The traffic in the California region can be aggravating at times. One of the nice things about driving the California freeways, however, is the fact that if it’s a nice day (which, in much of California, is most of the year), there is an excellent chance that you will find yourself sharing the road with a classic car. I don’t just mean mass cruises, either, which are always head-turners. I mean someone who is doing some daily business, be it commute or a shop run, or just a Sunday drive, in a car which makes absolutely no sense. From Model As to Plymouth Barracudas, I’ve seen most anything on wheels going wherever they’re going. They’re uncomfortable, unsafe, uneconomical, eco-unfriendly… Sensible and rational owners would have consigned them to the scrap heap years ago. Why are they still out there? I think I know.
I swung by the Blackhawk Museum in Danville last year. It is an astounding collection of some of the rarest, most pristine cars it is possible to find anywhere in the world.
Photo credit: Blackhawk Museum
Most are in operating condition, I checked with their mechanic. But seem to just sit there, those awe-inspiring creations, looking pretty for all the visitors like me. On occasion, they'll be flat-bedded to a councours. Pretty as they are, though, they’re not doing what they’re supposed to be doing.
About the only sport I watch is Formula 1, and please, no discussing the current championship in the forum as I have a few races recorded that I have yet to watch. I took the following photograph at the Hungarian Grand Prix a couple of years ago, I show it, if you’ll forgive the poor quality, to demonstrate a point.
F1 aficionados may recognize the Brabham Cosworth BT49D fighting to defend its position from the Arrows A6 following close behind. It would be tempting to think that I was watching a re-run of a race from the early 1980s, but no, the video stream was live. The drivers were hurling these rare vehicles, and compared to today’s cars, they're downright deathtraps, around the track, fighting each other for position. It would be so easy for one vehicle to spin out, crash, catch fire, or otherwise be destroyed. Or worse, collide with another vehicle and both would be totalled. It would be a shame for such a vehicle to be lost to the world. These people, however, evidently believe that it would be an ever greater shame for such a vehicle not to do what it’s supposed to, and that’s race. Below is a picture of Tyrrell P34 also in the same race for sheer cool factor. Where would you even start to find a new front suspension for this if it's damaged?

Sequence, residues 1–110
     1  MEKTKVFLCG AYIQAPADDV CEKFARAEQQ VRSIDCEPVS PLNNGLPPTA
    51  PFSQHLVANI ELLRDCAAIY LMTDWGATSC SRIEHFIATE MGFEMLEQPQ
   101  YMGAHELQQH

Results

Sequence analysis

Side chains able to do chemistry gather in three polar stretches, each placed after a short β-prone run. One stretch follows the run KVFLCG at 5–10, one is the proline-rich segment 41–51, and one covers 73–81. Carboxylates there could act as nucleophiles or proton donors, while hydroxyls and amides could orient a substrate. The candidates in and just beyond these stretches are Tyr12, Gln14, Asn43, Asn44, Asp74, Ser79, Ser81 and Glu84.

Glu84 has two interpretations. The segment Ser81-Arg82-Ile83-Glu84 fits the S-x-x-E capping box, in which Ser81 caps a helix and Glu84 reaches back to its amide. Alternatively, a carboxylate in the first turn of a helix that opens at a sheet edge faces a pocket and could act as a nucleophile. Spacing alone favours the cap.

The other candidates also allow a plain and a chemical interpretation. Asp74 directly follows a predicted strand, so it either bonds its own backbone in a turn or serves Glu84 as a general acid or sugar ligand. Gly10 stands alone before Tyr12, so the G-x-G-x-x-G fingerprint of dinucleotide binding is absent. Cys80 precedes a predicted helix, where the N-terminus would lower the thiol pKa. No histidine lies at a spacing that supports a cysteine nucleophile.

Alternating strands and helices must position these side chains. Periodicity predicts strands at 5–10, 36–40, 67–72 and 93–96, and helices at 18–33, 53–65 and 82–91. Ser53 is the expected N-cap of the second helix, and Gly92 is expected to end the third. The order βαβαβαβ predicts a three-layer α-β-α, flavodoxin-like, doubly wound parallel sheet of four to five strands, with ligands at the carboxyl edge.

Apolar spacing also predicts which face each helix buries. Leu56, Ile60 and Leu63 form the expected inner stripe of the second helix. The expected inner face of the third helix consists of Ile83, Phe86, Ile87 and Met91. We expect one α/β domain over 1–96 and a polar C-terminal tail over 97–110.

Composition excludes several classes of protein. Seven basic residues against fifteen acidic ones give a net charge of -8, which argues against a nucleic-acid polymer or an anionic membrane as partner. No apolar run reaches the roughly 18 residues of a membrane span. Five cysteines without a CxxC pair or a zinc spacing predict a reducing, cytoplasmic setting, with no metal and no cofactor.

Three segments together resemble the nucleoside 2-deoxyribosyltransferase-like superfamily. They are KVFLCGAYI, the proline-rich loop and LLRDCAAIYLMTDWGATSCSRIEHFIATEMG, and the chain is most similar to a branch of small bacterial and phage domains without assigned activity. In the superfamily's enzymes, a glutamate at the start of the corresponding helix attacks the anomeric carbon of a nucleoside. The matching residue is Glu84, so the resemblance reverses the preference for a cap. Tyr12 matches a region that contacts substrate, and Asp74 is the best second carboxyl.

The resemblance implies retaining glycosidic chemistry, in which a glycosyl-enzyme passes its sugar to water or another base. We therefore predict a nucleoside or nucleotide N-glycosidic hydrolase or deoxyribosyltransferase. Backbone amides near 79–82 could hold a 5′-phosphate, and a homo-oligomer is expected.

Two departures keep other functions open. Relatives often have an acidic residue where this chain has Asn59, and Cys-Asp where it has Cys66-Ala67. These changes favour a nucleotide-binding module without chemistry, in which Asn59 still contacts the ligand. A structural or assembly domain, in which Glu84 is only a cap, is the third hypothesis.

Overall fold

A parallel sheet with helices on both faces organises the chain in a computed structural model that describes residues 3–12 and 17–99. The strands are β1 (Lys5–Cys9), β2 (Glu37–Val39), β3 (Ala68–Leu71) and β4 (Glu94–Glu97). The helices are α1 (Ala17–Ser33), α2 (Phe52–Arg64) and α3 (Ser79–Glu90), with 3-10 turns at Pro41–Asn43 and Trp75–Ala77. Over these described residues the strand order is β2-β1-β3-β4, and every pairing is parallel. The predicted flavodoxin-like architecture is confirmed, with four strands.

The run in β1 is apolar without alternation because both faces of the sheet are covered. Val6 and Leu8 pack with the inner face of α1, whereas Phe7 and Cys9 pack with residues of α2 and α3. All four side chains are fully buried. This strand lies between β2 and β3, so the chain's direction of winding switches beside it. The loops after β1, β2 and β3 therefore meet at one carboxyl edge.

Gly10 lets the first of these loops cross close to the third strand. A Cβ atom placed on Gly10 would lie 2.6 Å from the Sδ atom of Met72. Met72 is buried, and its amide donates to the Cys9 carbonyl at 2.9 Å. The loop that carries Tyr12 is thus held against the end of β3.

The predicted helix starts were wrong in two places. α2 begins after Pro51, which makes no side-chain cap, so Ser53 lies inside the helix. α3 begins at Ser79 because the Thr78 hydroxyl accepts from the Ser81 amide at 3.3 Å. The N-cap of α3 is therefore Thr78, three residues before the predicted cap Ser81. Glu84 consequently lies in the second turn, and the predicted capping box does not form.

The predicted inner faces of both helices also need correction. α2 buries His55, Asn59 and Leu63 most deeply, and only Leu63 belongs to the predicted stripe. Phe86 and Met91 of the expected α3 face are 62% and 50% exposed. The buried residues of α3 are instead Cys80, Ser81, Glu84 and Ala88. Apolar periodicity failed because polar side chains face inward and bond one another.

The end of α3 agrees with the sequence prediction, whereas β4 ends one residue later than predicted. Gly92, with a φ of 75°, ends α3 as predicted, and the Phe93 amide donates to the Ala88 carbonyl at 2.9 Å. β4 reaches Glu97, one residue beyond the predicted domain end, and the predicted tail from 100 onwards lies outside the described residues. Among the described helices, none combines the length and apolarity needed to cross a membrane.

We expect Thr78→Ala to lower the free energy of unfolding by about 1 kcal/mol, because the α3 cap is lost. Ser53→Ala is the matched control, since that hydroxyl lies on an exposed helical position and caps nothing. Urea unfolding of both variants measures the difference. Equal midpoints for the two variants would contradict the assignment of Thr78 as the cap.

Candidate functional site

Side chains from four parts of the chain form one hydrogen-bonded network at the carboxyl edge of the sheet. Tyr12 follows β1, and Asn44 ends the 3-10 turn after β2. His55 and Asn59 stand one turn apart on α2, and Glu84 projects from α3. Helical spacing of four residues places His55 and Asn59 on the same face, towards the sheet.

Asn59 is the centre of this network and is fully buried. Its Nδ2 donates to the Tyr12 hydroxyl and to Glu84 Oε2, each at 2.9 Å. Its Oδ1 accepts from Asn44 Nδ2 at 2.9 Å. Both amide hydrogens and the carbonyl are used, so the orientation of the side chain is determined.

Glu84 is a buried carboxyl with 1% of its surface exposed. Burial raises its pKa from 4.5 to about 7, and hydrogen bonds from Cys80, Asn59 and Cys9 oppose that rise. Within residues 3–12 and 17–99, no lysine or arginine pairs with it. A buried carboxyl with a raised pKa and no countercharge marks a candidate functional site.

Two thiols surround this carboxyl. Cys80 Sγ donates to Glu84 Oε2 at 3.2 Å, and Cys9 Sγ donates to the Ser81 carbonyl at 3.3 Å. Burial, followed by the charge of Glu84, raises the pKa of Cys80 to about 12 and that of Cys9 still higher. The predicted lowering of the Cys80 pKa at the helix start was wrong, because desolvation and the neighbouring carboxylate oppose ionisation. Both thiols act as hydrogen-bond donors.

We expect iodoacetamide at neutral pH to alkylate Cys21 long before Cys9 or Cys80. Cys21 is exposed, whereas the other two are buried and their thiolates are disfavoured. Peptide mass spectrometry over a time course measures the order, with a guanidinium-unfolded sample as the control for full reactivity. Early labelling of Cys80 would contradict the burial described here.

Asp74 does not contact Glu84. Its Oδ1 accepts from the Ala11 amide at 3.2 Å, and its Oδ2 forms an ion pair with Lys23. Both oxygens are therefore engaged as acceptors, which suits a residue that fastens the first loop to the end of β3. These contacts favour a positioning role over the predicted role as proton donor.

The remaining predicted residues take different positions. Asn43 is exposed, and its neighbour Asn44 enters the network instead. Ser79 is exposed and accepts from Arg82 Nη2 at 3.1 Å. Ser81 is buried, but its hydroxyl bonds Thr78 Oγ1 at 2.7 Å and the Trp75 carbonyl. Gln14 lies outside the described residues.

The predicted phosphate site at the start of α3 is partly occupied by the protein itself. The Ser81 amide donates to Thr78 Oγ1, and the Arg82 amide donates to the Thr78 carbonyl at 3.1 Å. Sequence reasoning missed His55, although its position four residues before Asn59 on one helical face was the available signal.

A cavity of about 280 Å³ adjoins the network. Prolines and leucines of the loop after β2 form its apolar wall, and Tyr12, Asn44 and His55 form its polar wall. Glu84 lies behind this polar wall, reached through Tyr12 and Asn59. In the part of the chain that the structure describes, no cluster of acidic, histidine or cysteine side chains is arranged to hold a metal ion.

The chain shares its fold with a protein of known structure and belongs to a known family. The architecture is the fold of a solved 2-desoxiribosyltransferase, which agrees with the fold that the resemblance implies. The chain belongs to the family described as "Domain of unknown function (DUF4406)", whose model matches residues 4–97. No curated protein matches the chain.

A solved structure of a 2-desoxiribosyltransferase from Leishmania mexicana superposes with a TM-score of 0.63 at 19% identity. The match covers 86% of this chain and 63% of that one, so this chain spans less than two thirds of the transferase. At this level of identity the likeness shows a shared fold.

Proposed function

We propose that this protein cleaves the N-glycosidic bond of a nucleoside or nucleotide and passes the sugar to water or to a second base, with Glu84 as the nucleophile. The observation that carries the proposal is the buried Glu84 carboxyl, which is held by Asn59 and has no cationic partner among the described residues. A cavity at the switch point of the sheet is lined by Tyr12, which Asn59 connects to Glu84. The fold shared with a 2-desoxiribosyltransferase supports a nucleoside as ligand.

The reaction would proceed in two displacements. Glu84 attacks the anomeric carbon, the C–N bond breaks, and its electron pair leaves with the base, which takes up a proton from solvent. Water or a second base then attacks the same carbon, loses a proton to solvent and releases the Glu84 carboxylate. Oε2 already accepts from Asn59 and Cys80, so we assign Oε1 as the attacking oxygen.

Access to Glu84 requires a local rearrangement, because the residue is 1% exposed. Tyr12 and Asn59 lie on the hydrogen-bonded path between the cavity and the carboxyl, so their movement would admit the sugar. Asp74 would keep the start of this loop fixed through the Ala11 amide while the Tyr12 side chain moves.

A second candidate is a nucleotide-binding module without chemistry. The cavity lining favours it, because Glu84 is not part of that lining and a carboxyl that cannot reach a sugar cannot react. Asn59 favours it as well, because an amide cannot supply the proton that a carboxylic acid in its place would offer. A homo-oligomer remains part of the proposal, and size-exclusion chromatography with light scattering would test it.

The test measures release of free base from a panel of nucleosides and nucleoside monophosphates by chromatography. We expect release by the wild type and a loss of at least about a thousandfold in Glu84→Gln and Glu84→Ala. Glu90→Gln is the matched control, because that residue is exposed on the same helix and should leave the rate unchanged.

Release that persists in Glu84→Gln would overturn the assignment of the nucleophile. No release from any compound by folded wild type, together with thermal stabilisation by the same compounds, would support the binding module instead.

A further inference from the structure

So when you go visit a tank museum, you can’t help but somehow feel a little sad. Yes, it is true that at least they weren’t torched and melted down for scrap. But when you look at that Centurion or M4 sitting there, you can’t help but wonder when was the last time its engine roared, or the turret motors whined. Let alone the last time that it sent a round downrange, eyes eagerly watching the impact. Aberdeen Proving Ground’s collection was particularly depressing, as vehicles rusted away, exposed to the elements.
The Danes, though, came up with a solution to such melancholy. A while ago, they decided to finally get rid of all that surplus 76mm and 105mm ammunition that they had in storage. The Danish Army has standardized on the Leopard 2A5DK, and has no further use for the obsolescent ammunition. Most militaries, when they want to dispose of unwanted ammunition, put it all in a big pit and blow it up. The Danes had a better idea. They went to the museum to see what they could do.
Photo credit www.jdrveteranpanser.dk
The old warhorses were back in action. Moving on their own power to the firing line. M41, Centurion, Leopard 1. The event, held every year, is called “Open Heath” (Åben Hede), a sort of mini-TankFest, but with live ammunition.
Photo credit Armored Vehicle Veteran Association
Photo Credit “Dachs”, SimHQ
These guys have the right idea.
Now, most musea can’t go that far. Even if they had the various licenses for the ordnance, they wouldn’t have the room to shoot them. What they can do, though, and credit to the dedicated mechanics, usually volunteers, who do it, is at least get them running.
Last week I had the privilege of attending and (because anything beyond basic gofer assistance generally wasn’t required) providing moral support at, the reactivation of an M4A3E2, a “Jumbo”. There are only six of these left, so it’s a bit special. It had been partially restored by Jacques Littlefield, then parked in the display hangar. Please forgive the sound issues at times; Canon did not design my camera with operation inside tanks in mind.
It’s a small thing, as the vehicle had been restored to running condition a few years previously, but ever since then, it was parked on display and the motor never roared again. This appreciation of even this small victory can be heard in the voices of the attendees, and the smile on the chief mechanic’s face, at the driver’s controls.
As for those guys driving on the freeway in their 1965 Pontiacs? You’ll see a smile on their faces too, and appreciation and cameras clicking from the people driving around them. They’re designed to drive, and driving’s what they do best.